Asthmatics do not appear to have increased susceptibility to COVID-19.Uncontrolled severe asthma may be associated with worsened COVID-19 outcomes, especially in asthmatics managed with oral corticosteroids. Risk mitigation measures such as hand hygiene, social distancing and wearing of face masks must be observed at all times. Asthma should be managed as outlined in local and international guidelines.Ensure an adequate supply of medication, and inhaled corticosteroids should not be withdrawnChronic obstructive pulmonary disease (COPD) is associated with severe COVID-19 disease and poor outcomes. Maintenance of background medication is important to avoid exacerbations of COPD.Vaccination against influenza is strongly advised for all patients with asthma and COPDVaccination against pneumococcal infection is advisable for patients with COPD. Patients with obstructive airway disease on oral corticosteroids and/or with impaired lung function should take stringent safety precautions. This statement will be updated when more data become available Asthma and COPD occur commonly in South Africa. SARS-CoV-2 is a novel coronavirus, which can result in COVID-19-associated severe respiratory infection with respiratory failure and the need for mechanical ventilation. The South African Thoracic Society has prepared a guidance statement to assist clinicians and patients with asthma and COPD during the current epidemic.

10.
S Afr Med J ; 111(10): 950-956, 2021 09 03.
Article in English | MEDLINE | ID: mdl-34949288

ABSTRACT

BACKGROUND: The phenomenon of silent hypoxaemia has been described in patients with COVID-19 pneumonia, which is characterised by low oxygen saturation levels of <90% in those who appear clinically well and do not show signs of significant respiratory distress. OBJECTIVES: To assess the impact on clinical outcomes for high-risk COVID-19 patients using a pulse oximeter to monitor oxygen saturation levels in a home setting. METHODS: We performed a retrospective cohort analysis using data from a large South African insurance administrator. Patients were categorised as high risk, based on age and specific underlying clinical conditions, or from predictive models derived from medical scheme administrative claims data. The impact of pulse oximetry home monitoring on COVID-19 clinical outcomes was investigated by the use of Cox proportional hazard models. RESULTS: Between 2 March 2020 and 31 October 2020, of 38 660 patients analysed, 8 115 were in the intervention group. The 60-day mortality rate for the evaluated high-risk population was 1.35%. After adjusting for age and comorbidity differences, the intervention group was found to have an adjusted hazard ratio of 0.52 (p<0.0001). No statistical significance was found between the intervened and control groups for admission to hospital, admission to intensive care unit (ICU) and use of mechanical ventilation. The intervention group had a lower median C-reactive protein (CRP) level on admission (p=0.03). After adjustment for admission CRP levels, elevated CRP was associated with an increased mortality (p<0.0001), while the statistical significance in mortality between the intervention and the control group was lost. CONCLUSIONS: High-risk COVID-19 patients who used a pulse oximeter to monitor oxygen saturation levels had significantly lower mortality rates compared with other high-risk patients. The mortality benefit may be explained by earlier presentation to hospital, as suggested by lower initial CRP levels.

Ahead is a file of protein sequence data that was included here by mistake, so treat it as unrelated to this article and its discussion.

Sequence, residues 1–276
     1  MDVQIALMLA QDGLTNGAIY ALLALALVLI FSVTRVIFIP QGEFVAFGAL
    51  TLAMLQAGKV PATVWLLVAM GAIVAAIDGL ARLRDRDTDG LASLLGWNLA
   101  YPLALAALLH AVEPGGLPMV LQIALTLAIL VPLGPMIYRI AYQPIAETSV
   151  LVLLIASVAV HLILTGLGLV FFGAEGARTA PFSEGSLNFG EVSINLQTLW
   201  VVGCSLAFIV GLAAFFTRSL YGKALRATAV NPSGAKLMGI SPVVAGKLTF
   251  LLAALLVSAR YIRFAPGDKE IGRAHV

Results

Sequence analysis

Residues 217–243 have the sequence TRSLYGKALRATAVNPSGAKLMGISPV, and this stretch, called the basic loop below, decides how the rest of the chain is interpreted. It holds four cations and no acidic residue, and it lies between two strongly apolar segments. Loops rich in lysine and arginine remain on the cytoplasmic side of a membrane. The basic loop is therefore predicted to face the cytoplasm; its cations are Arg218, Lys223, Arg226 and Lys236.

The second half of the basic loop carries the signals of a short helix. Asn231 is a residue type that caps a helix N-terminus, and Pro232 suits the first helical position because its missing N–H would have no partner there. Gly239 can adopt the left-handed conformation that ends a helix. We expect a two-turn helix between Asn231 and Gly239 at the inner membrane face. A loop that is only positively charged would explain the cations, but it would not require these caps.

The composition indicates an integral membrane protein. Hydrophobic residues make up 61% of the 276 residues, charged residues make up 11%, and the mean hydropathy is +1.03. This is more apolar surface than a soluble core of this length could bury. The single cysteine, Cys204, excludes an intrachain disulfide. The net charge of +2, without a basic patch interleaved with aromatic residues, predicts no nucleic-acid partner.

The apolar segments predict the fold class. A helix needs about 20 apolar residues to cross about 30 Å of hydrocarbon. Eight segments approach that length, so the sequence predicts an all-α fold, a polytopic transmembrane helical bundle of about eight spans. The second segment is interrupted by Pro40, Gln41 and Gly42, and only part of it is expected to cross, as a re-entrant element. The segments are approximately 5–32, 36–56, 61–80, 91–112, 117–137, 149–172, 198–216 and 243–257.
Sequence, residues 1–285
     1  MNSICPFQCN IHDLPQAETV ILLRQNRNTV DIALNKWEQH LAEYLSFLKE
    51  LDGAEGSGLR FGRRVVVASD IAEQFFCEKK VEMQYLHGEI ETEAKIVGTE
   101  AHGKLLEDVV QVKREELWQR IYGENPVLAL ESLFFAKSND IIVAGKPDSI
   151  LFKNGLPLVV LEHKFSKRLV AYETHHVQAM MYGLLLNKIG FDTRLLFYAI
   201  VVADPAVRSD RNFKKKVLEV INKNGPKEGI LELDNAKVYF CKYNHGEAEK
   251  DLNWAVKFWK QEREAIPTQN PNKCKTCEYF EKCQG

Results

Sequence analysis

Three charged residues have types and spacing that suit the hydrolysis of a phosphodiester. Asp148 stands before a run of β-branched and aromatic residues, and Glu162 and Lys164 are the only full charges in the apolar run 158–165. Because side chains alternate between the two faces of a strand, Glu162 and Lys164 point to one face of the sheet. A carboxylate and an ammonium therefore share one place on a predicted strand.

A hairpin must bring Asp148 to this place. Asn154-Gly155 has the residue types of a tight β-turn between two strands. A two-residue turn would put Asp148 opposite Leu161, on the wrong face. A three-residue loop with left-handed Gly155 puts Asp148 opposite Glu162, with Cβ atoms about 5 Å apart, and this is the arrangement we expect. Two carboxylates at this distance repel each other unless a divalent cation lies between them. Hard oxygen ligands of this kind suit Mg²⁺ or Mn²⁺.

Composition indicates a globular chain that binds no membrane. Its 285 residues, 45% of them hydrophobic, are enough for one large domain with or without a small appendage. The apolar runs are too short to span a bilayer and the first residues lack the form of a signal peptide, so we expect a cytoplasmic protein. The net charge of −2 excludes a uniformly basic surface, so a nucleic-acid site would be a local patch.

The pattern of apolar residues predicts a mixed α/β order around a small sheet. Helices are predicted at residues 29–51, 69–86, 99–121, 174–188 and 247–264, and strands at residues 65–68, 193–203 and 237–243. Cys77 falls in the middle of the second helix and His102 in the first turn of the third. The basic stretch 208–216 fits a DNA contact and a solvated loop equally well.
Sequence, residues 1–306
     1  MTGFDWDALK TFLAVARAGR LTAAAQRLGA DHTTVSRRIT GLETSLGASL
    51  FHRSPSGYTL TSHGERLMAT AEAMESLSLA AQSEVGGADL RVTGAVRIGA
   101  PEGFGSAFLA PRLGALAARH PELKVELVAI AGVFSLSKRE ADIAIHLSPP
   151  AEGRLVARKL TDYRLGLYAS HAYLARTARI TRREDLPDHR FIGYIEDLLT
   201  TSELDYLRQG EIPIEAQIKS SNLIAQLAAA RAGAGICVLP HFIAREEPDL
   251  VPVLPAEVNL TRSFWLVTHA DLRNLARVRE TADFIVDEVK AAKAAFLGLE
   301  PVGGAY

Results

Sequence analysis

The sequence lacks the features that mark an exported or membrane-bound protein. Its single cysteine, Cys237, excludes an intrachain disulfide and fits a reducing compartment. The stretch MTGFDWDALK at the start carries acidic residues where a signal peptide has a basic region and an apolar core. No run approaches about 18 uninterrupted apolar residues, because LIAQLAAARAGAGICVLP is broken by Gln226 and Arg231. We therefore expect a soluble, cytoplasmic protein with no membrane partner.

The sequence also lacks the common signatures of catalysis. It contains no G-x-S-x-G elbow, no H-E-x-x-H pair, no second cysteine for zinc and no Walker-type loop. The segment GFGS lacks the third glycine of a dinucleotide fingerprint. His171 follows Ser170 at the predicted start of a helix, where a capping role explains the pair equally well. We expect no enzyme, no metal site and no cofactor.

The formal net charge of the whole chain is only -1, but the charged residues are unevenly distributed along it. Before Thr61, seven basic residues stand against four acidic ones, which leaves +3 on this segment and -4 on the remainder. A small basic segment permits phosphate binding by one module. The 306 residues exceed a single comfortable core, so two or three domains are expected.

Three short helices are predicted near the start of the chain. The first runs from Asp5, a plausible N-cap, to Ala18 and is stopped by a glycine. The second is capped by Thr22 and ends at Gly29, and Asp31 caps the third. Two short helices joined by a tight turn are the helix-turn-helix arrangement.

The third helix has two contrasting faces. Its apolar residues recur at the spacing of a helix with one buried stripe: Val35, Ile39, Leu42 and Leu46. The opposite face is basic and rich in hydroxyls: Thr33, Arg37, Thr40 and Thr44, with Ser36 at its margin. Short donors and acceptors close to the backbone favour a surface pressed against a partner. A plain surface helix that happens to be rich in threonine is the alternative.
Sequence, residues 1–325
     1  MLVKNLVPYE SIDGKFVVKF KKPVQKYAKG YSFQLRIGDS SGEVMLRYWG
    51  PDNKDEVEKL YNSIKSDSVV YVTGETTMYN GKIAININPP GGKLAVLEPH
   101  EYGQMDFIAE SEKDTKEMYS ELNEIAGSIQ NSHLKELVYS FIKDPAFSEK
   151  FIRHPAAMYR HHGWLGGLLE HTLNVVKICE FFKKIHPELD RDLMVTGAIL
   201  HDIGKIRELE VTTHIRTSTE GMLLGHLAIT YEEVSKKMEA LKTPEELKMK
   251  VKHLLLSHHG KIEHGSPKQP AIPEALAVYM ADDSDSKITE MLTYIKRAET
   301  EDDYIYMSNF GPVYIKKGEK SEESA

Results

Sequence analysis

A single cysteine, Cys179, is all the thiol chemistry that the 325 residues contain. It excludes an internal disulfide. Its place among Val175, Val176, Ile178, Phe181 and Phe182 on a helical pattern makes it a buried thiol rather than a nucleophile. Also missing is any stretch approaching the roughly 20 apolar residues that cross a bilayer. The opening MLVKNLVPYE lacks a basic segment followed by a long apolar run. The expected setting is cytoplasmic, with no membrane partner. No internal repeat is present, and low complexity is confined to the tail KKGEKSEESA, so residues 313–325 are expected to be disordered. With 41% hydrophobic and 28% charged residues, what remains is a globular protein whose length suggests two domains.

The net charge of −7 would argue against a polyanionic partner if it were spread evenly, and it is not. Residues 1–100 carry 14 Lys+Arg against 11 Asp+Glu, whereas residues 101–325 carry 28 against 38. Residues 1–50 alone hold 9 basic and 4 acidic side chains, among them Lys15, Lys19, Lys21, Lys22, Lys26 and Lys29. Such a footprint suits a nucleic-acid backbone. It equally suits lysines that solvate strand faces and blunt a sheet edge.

Subject(s)
COVID-19/physiopathology , Hospitalization/statistics & numerical data , Oximetry/methods , Oxygen Saturation , Adult , C-Reactive Protein/metabolism , COVID-19/mortality , Cohort Studies , Female , Humans , Intensive Care Units/statistics & numerical data , Male , Middle Aged , Respiration, Artificial/statistics & numerical data , Retrospective Studies , Severity of Illness Index , South Africa
11.
Afr J Thorac Crit Care Med ; 27(4)2021.
Article in English | MEDLINE | ID: mdl-34734176

ABSTRACT